Phylogenetic inference of where species spread or split across barriers

Michael J. Landis, Ignacio Quintero, Martha M. Muñoz, Felipe Zapata, Michael J. Donoghue

Research output: Contribution to journalArticlepeer-review

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Regional features of geography, such as size or distance, are expected to shape how lineages disperse, go extinct, and speciate. Yet this fundamental link between geographical context and evolutionary consequence has not been fully incorporated into phylogenetic models of biogeography. We designed a model that allows variation in regional features (size, distance, insularity, and oceanic separation) to inform rates of biogeographic change. Our approach uses a Bayesian hierarchical modeling framework to transform regional values of quantitative and categorical features into evolutionary rates. We also make use of a parametric range split score to quantify range cohesion for widespread species, thereby allowing geographical barriers to initiate “range-splitting” speciation events. Applying our approach to Anolis lizards, a species-rich neotropical radiation, we found that distance between regions, especially over water, decreases dispersal rates and increases between-region speciation rates. For distances less than ∼470 km over land, anoles tended to disperse faster than they speciate between regions. Over oceans, the equivalent maximum range cohesion distance fell to ∼160 km. Our results suggest that the historical biogeography of founder event speciation may be productively studied when the same barriers that inhibit dispersal also promote speciation between regions.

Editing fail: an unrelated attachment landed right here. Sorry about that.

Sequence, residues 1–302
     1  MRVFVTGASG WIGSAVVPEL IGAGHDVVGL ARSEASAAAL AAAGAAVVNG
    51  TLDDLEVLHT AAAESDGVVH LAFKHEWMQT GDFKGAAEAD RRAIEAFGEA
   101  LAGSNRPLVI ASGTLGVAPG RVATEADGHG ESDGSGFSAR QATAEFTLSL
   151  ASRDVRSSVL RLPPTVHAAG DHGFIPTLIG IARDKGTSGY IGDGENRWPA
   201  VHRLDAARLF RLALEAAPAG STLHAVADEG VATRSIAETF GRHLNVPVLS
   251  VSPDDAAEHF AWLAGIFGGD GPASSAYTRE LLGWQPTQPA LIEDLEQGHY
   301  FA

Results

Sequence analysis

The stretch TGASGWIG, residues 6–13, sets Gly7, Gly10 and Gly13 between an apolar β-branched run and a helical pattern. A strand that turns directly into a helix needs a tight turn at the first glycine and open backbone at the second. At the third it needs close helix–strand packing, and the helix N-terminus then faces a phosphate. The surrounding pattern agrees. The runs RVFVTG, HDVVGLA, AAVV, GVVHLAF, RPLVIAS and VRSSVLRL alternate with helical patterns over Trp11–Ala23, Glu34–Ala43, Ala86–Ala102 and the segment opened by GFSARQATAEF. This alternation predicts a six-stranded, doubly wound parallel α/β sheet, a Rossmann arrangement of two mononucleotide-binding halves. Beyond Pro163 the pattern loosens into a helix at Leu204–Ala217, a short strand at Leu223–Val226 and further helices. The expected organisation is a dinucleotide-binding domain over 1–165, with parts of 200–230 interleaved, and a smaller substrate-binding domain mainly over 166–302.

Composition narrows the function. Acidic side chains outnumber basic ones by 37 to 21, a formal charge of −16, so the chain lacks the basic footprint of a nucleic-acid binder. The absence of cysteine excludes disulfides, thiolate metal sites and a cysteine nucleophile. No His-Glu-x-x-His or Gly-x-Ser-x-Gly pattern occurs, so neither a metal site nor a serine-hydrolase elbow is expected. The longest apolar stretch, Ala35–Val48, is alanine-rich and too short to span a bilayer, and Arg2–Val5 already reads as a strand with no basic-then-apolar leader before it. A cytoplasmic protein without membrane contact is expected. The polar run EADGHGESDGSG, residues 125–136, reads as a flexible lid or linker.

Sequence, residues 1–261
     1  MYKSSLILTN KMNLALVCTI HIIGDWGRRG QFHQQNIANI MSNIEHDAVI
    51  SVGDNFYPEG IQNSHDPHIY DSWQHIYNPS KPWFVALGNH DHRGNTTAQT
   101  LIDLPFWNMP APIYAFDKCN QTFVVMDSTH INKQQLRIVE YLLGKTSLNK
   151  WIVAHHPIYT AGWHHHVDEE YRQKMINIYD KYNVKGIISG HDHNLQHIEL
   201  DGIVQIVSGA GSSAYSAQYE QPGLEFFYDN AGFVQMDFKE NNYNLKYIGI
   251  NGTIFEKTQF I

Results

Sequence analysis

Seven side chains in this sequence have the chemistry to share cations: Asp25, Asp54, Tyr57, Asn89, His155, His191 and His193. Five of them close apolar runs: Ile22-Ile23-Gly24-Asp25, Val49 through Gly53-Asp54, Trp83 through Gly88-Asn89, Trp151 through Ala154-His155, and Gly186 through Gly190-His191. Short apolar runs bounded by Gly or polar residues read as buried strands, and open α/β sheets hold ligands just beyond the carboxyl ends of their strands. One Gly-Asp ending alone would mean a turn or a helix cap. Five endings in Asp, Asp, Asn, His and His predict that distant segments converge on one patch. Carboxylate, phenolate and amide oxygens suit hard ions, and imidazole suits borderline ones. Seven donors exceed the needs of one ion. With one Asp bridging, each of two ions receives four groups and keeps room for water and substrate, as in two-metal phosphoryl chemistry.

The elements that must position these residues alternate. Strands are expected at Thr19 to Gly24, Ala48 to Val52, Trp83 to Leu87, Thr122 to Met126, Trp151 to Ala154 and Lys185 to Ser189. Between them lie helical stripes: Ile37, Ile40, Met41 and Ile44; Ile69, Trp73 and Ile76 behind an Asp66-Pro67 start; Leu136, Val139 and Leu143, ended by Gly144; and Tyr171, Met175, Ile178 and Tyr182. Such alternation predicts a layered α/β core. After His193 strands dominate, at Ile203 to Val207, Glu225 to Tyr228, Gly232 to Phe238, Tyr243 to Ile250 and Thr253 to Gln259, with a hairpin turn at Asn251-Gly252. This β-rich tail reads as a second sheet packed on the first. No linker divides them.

Original languageEnglish
Article numbere2116948119
JournalProceedings of the National Academy of Sciences of the United States of America
Issue number13
StatePublished - Mar 29 2022


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